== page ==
Monday night’s Love Island finale introduces a host of new influencers to the social scene – Here’s what they need to know about managing their new finances
As the villa doors close for another summer on the reality TV sensation Love Island, the door to influencer society will open for many of the contestants. As their social following increases exponentially, more brands will be looking to work with the islanders. However, it’s not always smooth sailing – there are a number of financial and tax considerations that need to be made. Andrew Subramaniam, Partner and Head of HW Fisher’s authors and journalists team shares his four finance tips for new influencers:
1. Beware of the “freebies” or “gifting”
Despite the name, freebies might not be as straightforward a transaction as you think. If you receive an item as a gift from a company and there is a contractual obligation to post about it, HMRC will seek to tax you on the market value of the item which, depending on the brand, could really mount up. Clothing and accessories are a particular area of focus for brands and influencers, but to treat this as an allowable expense you have to be able to evidence that this is for on screen use only. Which means you could run into trouble if you are seen elsewhere in these items!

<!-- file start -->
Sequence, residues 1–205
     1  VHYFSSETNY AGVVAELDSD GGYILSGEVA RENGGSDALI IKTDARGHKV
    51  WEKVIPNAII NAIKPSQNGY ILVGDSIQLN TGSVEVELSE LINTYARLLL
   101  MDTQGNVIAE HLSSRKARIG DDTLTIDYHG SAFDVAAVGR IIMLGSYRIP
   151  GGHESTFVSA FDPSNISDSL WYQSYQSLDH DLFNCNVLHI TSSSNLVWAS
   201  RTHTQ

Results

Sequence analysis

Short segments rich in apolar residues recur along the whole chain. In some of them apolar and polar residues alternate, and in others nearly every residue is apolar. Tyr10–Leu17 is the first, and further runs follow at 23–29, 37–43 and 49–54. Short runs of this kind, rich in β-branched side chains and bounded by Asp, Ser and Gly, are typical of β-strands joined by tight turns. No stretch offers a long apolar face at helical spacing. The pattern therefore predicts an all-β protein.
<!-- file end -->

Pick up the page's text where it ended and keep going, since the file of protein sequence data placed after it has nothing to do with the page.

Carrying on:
2. Get the right team in place
Most influencers are great at creating content but have little or no idea about the compliance minefield related to their activities and a good finance team will set you up for success. An accountant can make sure you have your taxes in order, a financial adviser will help your money work hard for you, and a lawyer can make sure you are aware of your legal obligations and check contracts to make sure you know everything you are signing up for. It is a real team effort, and everyone needs to work collectively to achieve the client’s goals.
3. Consider signing up to an agency
Most contestants have agencies before going into the Love Island villa these days, but a good agent should look at finding you deals and partnerships with brands that you want to work with when you come out. They will have a better idea of your true market value ensuring that you are not underselling your services and should keep a steady flow of work heading your way. They also tend to deal with all negotiations, contracts, invoicing and chasing brands for payments which can take up a lot of time!
4. Operating as a Limited Company
While operating as a sole trader is relatively straight forward, many influencers do operate via limited companies. While the paperwork related to operating a company is significantly more than that for a sole trader, the main reasons for this is that a company offers the influencer protection in the form of limited liability. This means that the company acts as a barrier between what the influencer owns personally and what is in the company. Professional advice should be sought here before deciding on which route to go down as no two cases are alike.
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